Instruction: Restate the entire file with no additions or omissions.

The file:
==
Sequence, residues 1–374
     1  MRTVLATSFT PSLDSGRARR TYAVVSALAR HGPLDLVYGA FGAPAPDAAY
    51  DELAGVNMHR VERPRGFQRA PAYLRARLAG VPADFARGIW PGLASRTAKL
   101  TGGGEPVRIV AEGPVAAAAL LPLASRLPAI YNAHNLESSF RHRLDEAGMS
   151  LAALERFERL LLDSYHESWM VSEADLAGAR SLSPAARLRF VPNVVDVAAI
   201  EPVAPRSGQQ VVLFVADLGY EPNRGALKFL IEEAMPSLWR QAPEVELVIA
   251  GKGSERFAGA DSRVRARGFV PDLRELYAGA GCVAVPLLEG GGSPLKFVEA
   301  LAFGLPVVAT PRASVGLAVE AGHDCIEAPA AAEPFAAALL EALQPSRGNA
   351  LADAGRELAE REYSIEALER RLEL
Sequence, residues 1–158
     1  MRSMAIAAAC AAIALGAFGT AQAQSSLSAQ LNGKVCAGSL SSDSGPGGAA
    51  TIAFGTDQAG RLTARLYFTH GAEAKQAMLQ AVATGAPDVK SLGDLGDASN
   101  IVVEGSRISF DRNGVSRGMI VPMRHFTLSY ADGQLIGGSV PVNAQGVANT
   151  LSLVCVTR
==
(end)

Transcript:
Sequence, residues 1–374
     1  MRTVLATSFT PSLDSGRARR TYAVVSALAR HGPLDLVYGA FGAPAPDAAY
    51  DELAGVNMHR VERPRGFQRA PAYLRARLAG VPADFARGIW PGLASRTAKL
   101  TGGGEPVRIV AEGPVAAAAL LPLASRLPAI YNAHNLESSF RHRLDEAGMS
   151  LAALERFERL LLDSYHESWM VSEADLAGAR SLSPAARLRF VPNVVDVAAI
   201  EPVAPRSGQQ VVLFVADLGY EPNRGALKFL IEEAMPSLWR QAPEVELVIA
   251  GKGSERFAGA DSRVRARGFV PDLRELYAGA GCVAVPLLEG GGSPLKFVEA
   301  LAFGLPVVAT PRASVGLAVE AGHDCIEAPA AAEPFAAALL EALQPSRGNA
   351  LADAGRELAE REYSIEALER RLEL
Sequence, residues 1–158
     1  MRSMAIAAAC AAIALGAFGT AQAQSSLSAQ LNGKVCAGSL SSDSGPGGAA
    51  TIAFGTDQAG RLTARLYFTH GAEAKQAMLQ AVATGAPDVK SLGDLGDASN
   101  IVVEGSRISF DRNGVSRGMI VPMRHFTLSY ADGQLIGGSV PVNAQGVANT
   151  LSLVCVTR